Once I tried her steps, I was amazed at how easy manipulating wire can be if you use a bolt cutter rather than wire cutters. A bolt cutter can be found at home improvement stores for less than $10. Save your wrists and buy one.

I set out to make one of the decorative wire plant supports featured in "Handmade Garden Projects." For this job, you'll also need a pair of pliers. Edwards Forkner uses the tool to bend and crimp decorative patterns. Other materials: one roll welded wire utility fencing (2-by-4-inch cell mesh), measuring tape and clothespins. Keep reading for more photos and step-by-step instructions ...

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Wall treatment ideas: Instant mood with pattern, texture, color

Walls Walter Herrington
Walls Rebecca RudolphThe red spaghetti wall at the new Highland Park restaurant Maximiliano is a reminder that bold looks can come from the humblest of materials. As we reported last week, the graphic design is etched MDF, the same kind of inexpensive medium-density fiberboard you can find in hardware stores.

The Maximiliano wall prompted us to blast through our weekly home profiles and pluck examples of designers and homeowners who decided to forgo the basic paint job in favor of something different for their walls.

One of our favorites is in the Pasadena home of Walter Herrington, a graphic designer who painted an abstract backdrop for his master bedroom, above. It's complemented by a bed and wooden stool by Christian Liaigre, a floor lamp by Isamu Noguchi and pottery by Oly.

We also love how architect Rebecca Rudolph and her husband, Colin Thompson, a designer and builder, repurposed materials when they remodeled and expanded their house in Atwater Village. In the living room: a wall wrapped in recycled pine fencing, right.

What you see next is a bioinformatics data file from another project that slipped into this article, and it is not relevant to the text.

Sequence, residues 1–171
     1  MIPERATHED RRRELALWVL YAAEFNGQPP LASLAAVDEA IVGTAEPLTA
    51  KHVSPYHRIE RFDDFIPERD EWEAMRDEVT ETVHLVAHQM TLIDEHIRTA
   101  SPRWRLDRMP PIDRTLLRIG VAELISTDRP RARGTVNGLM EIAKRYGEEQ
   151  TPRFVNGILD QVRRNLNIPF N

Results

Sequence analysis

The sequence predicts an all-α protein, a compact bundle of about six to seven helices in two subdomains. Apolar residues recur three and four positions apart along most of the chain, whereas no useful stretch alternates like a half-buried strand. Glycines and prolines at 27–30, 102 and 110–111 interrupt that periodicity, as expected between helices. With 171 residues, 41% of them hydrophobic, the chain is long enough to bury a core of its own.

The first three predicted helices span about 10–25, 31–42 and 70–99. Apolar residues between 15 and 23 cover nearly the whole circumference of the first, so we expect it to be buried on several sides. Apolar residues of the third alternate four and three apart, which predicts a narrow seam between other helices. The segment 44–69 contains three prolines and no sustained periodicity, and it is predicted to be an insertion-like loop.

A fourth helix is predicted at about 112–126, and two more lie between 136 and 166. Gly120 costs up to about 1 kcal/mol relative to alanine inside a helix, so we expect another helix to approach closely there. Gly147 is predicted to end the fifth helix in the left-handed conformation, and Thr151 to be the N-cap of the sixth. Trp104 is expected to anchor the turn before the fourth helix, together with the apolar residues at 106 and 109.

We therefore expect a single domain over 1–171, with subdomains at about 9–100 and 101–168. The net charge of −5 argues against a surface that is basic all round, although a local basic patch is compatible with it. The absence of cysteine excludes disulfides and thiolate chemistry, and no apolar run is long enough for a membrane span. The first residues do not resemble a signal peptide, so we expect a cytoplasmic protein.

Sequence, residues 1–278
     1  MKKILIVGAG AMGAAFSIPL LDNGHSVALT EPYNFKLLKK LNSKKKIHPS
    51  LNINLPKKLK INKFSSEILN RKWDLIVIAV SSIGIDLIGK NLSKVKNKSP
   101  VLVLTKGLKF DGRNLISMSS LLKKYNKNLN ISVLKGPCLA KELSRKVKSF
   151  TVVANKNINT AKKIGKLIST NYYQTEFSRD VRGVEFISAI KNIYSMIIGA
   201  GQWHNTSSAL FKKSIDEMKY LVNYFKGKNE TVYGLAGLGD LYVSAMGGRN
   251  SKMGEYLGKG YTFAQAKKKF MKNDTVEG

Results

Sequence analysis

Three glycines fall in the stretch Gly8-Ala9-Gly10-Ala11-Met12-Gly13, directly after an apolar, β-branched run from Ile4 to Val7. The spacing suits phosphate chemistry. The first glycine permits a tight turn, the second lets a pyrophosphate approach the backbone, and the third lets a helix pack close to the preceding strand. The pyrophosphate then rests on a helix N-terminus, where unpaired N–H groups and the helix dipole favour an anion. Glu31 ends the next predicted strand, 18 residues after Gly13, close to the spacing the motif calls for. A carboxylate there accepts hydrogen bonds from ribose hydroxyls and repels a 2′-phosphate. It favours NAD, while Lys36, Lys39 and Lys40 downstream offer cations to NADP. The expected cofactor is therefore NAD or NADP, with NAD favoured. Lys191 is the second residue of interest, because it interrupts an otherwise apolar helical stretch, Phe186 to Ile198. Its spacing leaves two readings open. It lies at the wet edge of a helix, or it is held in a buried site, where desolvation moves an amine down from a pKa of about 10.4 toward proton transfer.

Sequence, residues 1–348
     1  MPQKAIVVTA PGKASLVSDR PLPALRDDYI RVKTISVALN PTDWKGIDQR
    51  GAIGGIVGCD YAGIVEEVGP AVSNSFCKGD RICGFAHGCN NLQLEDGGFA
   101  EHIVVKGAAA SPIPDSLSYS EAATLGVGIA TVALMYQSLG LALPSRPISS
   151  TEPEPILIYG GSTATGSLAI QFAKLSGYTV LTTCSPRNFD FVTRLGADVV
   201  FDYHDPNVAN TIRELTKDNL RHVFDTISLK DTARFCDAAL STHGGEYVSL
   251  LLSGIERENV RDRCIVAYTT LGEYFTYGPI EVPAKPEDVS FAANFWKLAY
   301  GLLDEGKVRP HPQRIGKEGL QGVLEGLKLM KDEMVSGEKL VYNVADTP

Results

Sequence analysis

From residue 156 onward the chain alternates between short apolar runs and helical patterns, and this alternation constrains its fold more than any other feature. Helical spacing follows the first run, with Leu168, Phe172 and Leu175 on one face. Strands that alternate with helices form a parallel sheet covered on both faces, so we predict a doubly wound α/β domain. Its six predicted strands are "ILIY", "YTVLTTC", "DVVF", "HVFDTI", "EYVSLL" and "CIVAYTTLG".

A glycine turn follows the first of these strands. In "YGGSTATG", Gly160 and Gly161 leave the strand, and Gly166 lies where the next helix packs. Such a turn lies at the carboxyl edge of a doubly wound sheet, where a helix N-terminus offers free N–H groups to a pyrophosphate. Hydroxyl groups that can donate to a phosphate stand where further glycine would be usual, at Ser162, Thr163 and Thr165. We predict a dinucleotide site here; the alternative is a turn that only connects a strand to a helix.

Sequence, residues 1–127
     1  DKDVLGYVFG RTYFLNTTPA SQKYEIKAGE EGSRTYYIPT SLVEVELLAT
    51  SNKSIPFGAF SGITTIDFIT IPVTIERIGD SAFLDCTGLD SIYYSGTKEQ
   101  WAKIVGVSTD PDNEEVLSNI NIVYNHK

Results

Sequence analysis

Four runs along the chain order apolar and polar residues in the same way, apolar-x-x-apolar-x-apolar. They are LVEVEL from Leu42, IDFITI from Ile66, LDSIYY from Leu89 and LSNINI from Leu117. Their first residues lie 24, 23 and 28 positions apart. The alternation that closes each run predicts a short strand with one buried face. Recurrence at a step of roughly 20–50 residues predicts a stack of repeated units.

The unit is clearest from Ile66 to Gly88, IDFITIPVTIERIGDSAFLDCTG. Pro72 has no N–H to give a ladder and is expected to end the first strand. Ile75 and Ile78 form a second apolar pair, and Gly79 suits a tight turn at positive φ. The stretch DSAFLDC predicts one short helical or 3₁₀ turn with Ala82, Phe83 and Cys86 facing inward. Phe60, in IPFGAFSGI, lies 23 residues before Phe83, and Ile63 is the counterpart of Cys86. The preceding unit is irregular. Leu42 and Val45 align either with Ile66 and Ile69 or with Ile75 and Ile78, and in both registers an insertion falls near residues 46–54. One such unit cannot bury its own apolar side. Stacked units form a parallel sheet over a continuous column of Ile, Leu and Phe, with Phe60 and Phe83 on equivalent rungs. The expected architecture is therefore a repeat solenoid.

For more glimpses at wall treatments, keep reading ...

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Post-recession, starting over in a Costa Mesa garden

Laura Haskell, Laird Stoneman, Andrew Stoneman
The struggling economy has forced many Americans to ponder, if not live out, their Plan B question: How would I start over? In the case of Andrew Stoneman, the answer sits in his Costa Mesa backyard.

When the structural steel salesman was laid off twice in two years, he and his wife, vintage-textile consultant Laura Haskell, pooled their sales experience and design savvy to create the Haskell Collection, a Midcentury-inspired line of outdoor furniture and patio planters. If he wasn't going to sell steel for others, Stoneman thought, why not manufacture his own furniture using what he had learned during 20 years in the business?

Andrew Stoneman garden“Steel is the most recycled material in the world,” Stoneman says. “I thought, why not take the greenest material there is and create something that will last forever?”

The clean-lined collection has been well received in the press, and Times readers even made Haskell's recycled aluminum and steel planters the top vote-getters in their category a few months ago in a poll to determine the “California look of 2011.” But beyond that, for Stoneman the primary rewards have been working from home alongside Haskell, who sells fabrics to Marc Jacobs, Stüssy and Paul Smith in London, among others, and spending more time with their bubbly 2 1/2-year-old son, Laird.

“It's a stressful time,” Stoneman says. “But we are content. Exercise, painting, gardening, playing with Laird keeps me sane. What's the alternative? Depression. And that gets you nowhere.”